Since I continue to get emails from readers expressing skepticism that all the DOTS cars were actually spotted while parked on the streets of Alameda (today's is #47), I'm going to say it again: Unless I state otherwise, every single car you see in this series was found street-parked on this one-by-five-mile island in the San Francisco Bay. So, let's get on with today's car, a very clean '50 Plymouth.
Not only is it very clean, it's very maroon.
Even though the '50 Plymouth had a list price of only $1551 (comparable to the cost of similar Ford or Chevrolet sedans), it came with snazzy touches like this weighty chrome license-plate light mount.
The engine fitted in these cars was a 97-horsepower flathead six. Nothing spectacular, but enough to get the job done.
Yes indeed, the Plymouth brand has quite a heritage for Chrysler to draw on for future cars. Oh, wait...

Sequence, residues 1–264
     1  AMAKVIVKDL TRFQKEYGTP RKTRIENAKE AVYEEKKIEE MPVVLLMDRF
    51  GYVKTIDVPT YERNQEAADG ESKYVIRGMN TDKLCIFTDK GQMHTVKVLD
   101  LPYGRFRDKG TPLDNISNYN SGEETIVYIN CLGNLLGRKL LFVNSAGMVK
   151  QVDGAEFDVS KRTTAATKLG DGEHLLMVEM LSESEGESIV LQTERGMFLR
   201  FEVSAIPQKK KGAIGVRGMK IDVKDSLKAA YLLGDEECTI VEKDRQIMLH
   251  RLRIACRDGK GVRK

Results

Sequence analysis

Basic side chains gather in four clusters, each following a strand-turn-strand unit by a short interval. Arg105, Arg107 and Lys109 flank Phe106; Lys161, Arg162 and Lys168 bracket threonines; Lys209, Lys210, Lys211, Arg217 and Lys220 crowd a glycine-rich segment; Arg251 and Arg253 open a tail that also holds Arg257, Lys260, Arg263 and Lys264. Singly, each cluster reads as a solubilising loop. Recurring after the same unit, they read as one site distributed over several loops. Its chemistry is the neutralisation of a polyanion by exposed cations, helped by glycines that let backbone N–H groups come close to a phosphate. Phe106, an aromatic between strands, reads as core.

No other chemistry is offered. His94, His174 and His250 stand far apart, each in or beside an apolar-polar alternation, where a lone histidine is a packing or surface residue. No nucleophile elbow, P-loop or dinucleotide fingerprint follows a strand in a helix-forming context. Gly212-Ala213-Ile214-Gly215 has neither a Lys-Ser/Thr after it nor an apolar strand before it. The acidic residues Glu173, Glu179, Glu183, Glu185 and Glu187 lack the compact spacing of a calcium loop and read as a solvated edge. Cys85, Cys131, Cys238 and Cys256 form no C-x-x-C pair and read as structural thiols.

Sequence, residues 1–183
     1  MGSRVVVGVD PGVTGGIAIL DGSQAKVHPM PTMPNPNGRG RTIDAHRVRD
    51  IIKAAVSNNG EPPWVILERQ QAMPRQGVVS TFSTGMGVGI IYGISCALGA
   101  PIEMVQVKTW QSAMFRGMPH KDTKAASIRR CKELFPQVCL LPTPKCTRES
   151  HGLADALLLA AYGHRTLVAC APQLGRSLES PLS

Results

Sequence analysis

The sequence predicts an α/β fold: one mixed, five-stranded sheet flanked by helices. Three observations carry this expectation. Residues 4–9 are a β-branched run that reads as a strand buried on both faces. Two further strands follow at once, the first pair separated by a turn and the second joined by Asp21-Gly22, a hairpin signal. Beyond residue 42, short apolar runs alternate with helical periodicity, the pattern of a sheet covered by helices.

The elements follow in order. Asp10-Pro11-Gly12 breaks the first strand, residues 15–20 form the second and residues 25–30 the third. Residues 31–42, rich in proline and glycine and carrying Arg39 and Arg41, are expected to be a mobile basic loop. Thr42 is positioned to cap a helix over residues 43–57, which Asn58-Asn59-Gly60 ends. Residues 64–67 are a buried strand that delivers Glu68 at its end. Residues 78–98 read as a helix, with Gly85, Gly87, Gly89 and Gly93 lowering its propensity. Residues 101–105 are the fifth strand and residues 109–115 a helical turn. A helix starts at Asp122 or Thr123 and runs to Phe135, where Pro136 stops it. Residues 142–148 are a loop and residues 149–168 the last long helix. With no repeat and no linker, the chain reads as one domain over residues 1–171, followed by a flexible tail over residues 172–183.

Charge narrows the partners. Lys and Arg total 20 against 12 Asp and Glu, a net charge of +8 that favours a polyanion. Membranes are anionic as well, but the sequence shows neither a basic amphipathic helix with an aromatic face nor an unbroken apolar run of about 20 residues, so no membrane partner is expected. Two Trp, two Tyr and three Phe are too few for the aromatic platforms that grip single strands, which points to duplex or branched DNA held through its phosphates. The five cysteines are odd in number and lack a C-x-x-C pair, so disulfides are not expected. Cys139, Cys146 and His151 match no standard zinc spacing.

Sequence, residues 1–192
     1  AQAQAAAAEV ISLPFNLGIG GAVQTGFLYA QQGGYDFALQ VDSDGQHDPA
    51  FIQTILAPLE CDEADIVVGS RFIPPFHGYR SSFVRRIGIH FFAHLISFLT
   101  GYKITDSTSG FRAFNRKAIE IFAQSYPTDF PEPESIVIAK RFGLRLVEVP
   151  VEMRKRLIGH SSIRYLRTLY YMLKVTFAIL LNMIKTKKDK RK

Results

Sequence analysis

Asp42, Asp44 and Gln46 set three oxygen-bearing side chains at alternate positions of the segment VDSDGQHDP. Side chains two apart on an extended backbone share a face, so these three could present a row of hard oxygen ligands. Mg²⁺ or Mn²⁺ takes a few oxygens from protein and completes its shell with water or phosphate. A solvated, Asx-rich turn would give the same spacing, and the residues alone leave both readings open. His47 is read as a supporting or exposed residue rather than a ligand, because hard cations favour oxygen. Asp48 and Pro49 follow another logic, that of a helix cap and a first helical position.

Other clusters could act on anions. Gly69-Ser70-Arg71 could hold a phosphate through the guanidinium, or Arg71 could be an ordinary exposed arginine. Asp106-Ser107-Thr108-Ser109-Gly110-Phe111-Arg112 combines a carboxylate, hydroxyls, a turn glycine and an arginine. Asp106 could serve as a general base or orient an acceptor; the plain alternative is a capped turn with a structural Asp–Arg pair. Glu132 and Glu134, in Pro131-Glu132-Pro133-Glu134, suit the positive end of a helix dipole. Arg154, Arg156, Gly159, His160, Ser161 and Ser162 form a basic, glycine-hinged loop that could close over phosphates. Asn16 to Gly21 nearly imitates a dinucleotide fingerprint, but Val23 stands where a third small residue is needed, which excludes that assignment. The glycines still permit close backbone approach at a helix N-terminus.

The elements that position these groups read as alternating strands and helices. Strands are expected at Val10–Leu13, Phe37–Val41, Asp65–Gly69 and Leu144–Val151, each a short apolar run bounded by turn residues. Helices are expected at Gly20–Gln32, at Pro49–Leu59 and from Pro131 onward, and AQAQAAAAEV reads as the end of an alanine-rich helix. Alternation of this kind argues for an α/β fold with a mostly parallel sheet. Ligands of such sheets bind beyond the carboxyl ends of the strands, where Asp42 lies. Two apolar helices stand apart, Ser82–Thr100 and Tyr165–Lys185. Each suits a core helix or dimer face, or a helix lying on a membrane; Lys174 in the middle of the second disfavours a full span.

The crystal doorknob on the three-on-the-tree shifter fits right in with the Victorians in this car's neighborhood. What, no great big tube radio?
Like most sedans of its era, the '50 Plymouth packs some serious trunk volume. For some reason I'd thought that Richard Nixon used a '50 Plymouth sedan for campaigning during his first run at the Senate, but his car was actually a '49 Mercury wagon. So much for bringing up the Plymouth trunk's capacity for suitcases bulging with small-denomination currency (but if I find a '49 Merc I'm going to bring it up again).
It's great that a 57-year-old car can still survive on the street, though I don't know how much regular driving duty this car sees.
Ah, the days before Ralph Nader, when taillights could be small and pretty (and damn near impossible to see at night).
Good as this car looks, I think it could benefit from losing a few inches of ride height and gaining a few inches of tire width, plus maybe a few other modifications. Nothing crazy, mind you... unless you consider dropping in a blown 331 Hemi crazy, that is.